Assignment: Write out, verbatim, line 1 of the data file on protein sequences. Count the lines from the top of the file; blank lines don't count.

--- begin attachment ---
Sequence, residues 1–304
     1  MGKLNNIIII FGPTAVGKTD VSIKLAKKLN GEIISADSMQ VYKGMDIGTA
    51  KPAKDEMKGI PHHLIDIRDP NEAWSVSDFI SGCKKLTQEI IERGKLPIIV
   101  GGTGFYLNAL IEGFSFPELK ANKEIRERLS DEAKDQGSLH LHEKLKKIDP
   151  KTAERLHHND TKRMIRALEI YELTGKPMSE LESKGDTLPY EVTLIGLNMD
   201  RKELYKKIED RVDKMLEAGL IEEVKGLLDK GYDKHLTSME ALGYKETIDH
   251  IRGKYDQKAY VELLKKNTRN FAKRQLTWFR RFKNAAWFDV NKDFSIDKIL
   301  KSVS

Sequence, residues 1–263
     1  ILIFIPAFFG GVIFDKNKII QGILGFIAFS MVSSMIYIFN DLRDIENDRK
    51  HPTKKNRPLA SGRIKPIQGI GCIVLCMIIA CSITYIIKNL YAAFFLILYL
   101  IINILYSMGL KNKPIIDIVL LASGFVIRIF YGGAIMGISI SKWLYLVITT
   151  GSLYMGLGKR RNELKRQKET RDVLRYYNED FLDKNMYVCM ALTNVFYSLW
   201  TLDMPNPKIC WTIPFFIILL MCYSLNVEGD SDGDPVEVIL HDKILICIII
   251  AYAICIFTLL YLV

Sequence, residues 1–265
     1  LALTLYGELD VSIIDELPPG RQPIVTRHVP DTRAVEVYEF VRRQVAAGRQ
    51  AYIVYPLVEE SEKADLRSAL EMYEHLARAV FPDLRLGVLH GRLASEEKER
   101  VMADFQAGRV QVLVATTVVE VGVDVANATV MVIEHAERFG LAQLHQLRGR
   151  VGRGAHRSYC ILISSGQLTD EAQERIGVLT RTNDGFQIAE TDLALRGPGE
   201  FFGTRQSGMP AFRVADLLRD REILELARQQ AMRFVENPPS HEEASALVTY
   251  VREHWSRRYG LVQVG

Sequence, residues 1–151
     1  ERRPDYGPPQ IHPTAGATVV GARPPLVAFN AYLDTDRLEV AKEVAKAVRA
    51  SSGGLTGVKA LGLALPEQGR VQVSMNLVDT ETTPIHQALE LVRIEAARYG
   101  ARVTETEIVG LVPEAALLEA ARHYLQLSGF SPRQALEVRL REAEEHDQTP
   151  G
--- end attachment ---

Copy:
Sequence, residues 1–304